April 16, 2021 / Interview by Alex Westfall | Photography by Katy Pritchett and Alfredo Salazar-Caro
After connecting at art school almost a decade ago, New Media artists Alfredo Salazar-Caro and Will Robertson have teamed up to dream up an ongoing project that’s at once a virtual architectural feat, curatorial platform, and artwork in itself: The Digital Museum of Digital Art, or DiMoDA for short. With Alfredo creative-directing, Will building the technical world, and a host of virtual reality artists and architects contributing, DiMoDA has become one of the world’s premiere online digital gallery spaces. DiMoDA 4.0, the project’s fourth iteration, takes place in a spiral-shaped building in a post-apocalyptic, Brooklyn. It is set to be released in late 2021.
Here, we speak with Alfredo and Will about their collaboration across technical and conceptual duties, working with artists like Jacolby Satterwhite, and how a digital museum can operate as a form of institutional critique.
To start, could you both talk about your first creative impulses?
Will: I grew up in St. Louis, Missouri. I was three when I started spending a lot of time at my grandparents’ house—they had a piano, and that was the go-to for me. I was very close with my grandparents, and the piano was my first introduction to music.
I went to an all-boys Jesuit high school—being a smaller school, we didn’t have enough people in-band to fill out every single part for every piece that we played in concerts. So I would bounce around with different parts. I’d be on a trumpet for one part for one song, and then I’d move over to French horn or percussion. For a long time, music was my sole creative outlet. I was originally not in art school, either. I was studying physics and pre-med and really hated that. The only classes I really enjoyed were photography, film, theory, and writing. I decided that the School of the Art Institute of Chicago was the place I wanted to be. I transferred, which was really the start of my focused drive into creative arts as a career and a passion.
Alfredo: I grew up in Mexico City until I was 13 and then did high school in Texas. I drew Power Rangers in kindergarten, and I used to exchange drawings to little friends for juice, candy, or whatever they brought with them. I traded my art for people’s lunch at a young age.
I had a metal band at 17 through 19. Then the band broke up, and I was like, “I’m going to never depend on a band again.” I decided to be individually creative. Like Will, I also went into college to study to be a doctor. I was into neuroscience. That was my jam. I still love the topic, but art classes felt a lot cooler. The things that I was supposed to be focused on felt like a fucking drag.
When I started art, it was all about sculpture and installation. I went to the School of the Art Institute of Chicago, where I met Will, and I also was introduced to media arts. We were both integrated into the Chicago new media scene right away, specifically through something called the Glitch Festival in 2011.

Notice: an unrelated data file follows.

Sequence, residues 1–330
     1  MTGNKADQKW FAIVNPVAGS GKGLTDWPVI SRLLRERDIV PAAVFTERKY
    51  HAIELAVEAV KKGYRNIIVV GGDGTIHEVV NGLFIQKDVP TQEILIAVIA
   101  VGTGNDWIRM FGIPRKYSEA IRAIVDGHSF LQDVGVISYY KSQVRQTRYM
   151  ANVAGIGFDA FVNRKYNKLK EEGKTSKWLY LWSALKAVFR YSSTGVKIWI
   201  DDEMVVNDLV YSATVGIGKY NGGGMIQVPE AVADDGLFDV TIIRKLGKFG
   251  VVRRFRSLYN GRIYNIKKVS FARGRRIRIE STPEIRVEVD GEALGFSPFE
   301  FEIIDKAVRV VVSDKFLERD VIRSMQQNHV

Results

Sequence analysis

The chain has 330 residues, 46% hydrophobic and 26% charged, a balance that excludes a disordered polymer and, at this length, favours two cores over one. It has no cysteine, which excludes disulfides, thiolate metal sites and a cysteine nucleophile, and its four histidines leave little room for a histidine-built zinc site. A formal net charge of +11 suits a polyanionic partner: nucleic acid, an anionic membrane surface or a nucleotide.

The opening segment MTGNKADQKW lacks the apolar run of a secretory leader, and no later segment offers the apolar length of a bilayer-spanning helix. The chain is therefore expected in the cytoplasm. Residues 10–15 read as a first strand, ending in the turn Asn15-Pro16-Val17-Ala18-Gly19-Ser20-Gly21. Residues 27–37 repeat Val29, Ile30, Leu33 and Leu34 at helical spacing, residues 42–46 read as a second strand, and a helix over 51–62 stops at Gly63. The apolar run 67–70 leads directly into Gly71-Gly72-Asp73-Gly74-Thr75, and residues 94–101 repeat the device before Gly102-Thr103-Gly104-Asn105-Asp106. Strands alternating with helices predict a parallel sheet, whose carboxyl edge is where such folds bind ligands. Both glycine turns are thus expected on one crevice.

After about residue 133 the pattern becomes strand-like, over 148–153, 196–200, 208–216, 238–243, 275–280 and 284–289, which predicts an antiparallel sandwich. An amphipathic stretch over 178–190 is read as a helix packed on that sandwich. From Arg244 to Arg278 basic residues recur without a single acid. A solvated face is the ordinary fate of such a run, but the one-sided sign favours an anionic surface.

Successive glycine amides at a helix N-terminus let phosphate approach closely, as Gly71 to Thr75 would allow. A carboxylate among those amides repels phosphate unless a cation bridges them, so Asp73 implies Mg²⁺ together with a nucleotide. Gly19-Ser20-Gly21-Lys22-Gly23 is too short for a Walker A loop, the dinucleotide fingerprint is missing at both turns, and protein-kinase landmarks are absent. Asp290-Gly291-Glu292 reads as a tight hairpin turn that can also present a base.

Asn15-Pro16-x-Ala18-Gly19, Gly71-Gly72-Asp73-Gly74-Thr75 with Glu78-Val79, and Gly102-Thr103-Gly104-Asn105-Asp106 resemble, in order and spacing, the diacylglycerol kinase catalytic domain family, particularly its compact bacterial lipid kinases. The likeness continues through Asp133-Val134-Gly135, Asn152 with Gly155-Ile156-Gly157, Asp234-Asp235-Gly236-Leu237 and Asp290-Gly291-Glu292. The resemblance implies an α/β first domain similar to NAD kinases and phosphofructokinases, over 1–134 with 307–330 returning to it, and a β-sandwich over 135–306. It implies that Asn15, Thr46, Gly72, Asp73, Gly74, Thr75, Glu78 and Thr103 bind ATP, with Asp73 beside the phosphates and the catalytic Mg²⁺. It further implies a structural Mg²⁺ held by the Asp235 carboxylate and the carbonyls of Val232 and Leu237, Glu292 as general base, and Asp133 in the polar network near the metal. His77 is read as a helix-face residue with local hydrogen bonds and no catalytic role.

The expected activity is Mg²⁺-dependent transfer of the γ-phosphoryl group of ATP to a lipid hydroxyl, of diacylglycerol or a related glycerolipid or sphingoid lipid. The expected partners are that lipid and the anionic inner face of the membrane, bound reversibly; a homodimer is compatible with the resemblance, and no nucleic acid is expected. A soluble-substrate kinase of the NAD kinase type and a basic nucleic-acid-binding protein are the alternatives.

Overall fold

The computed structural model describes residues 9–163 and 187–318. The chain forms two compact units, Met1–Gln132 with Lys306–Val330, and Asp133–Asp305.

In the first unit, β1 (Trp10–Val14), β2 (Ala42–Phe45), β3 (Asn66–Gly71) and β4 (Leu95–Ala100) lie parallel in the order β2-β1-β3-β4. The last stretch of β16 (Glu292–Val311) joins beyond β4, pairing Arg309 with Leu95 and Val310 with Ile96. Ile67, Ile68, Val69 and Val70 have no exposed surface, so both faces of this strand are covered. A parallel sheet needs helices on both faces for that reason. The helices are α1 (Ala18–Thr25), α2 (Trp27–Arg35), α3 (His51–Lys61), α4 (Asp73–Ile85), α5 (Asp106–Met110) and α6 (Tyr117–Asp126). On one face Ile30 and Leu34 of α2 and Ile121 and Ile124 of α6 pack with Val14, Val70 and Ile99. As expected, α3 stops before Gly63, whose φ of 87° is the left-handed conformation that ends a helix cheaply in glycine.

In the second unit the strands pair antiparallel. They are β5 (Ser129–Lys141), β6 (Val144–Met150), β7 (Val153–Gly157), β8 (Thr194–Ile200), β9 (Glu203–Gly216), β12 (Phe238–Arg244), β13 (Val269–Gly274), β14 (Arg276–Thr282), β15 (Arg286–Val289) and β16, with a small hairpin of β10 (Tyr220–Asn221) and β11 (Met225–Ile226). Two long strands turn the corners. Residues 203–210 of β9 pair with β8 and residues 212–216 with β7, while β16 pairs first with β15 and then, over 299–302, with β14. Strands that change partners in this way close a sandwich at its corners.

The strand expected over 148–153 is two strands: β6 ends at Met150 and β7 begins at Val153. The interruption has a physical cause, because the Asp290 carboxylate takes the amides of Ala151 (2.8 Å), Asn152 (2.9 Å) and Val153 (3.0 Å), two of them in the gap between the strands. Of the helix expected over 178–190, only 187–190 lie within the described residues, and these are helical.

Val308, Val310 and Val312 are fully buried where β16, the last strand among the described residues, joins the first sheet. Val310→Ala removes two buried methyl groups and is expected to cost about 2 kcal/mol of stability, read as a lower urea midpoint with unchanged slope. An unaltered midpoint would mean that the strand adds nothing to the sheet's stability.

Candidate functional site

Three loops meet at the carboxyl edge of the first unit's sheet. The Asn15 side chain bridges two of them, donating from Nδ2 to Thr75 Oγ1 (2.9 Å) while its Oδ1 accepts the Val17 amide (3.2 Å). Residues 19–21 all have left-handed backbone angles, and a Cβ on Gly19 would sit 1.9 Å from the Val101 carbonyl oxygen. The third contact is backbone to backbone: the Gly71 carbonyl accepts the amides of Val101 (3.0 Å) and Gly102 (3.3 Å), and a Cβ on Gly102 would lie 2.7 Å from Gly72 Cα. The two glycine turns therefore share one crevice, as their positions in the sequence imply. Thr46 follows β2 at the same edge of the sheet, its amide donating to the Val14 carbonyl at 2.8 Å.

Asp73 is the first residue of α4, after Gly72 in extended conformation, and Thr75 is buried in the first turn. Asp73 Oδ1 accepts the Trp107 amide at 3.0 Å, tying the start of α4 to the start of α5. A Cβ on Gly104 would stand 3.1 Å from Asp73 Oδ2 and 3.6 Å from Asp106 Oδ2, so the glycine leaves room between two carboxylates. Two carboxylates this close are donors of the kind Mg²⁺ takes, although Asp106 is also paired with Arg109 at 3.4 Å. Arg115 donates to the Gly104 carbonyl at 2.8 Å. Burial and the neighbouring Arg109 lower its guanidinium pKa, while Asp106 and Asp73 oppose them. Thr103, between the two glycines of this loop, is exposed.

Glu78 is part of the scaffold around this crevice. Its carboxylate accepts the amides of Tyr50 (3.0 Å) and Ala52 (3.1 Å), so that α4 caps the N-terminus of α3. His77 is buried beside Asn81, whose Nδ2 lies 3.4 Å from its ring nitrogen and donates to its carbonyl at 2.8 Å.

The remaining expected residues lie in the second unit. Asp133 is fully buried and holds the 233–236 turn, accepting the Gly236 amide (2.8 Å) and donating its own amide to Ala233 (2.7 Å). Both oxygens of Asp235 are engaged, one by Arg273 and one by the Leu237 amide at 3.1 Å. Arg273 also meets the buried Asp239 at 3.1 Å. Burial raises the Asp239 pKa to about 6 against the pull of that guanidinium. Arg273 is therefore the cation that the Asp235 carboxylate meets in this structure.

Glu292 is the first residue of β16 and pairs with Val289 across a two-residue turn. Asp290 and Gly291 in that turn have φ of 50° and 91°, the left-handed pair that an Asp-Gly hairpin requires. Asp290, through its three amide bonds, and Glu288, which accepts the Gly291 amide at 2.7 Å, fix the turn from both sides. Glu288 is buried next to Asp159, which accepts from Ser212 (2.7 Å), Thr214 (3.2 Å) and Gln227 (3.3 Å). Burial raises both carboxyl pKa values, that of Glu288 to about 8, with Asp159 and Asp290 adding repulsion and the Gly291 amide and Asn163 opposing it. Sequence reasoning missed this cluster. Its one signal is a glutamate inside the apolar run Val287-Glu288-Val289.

At this festival, people would destroy computers for fun. Will and I, in particular, were enthusiastic about video game engines being utilized for live audiovisuals and glitching. People were approaching it in different ways, but Will and I started coming up with this idea through that process.
Will: It was a Unity online glitch gallery, and the idea was to use the Unity engine to put together a gallery space and then put it up on web GL and host it online. It started out as a very similar idea to some of the other online galleries that are now out hosting sculpture or video or performance or whatever. It evolved from there.
Alfredo: It happened to be at the same time that VR started coming out only for developers. There had been VR headsets, but you had to be part of either NASA or some university research lab or MIT or whatever, to be able to play around with virtual reality. And at a certain point, people could just get it to make stuff.” The very, very early Oculus. We decided the most native way to experience the work that we’re interested in is not just looking at it on the screen but being inside of that work because these are words that we’re creating. We decided that we wanted to work in virtual reality. That’s where DiMoDA was born.
DiMoDA is a digital museum, a curatorial platform. In the past, you’ve called it a piece of institutional critique or an art piece in itself.
Will: It really started for us to be a part of that Chicago New Media scene and really have a hard time finding institutional support for the work we were doing and our contemporaries were doing. It’s becoming more and more accepted as art canon these days, which is great because it’s a lot faster than a whole lot of other things that have been accepted into the art community, but the fine art institutional fine art community. One of the initial conversations we had about forming DiMoDA was that we would not be rejected by these institutions. If we aren’t accepted into the things they’re curating, we’ll create our own institution.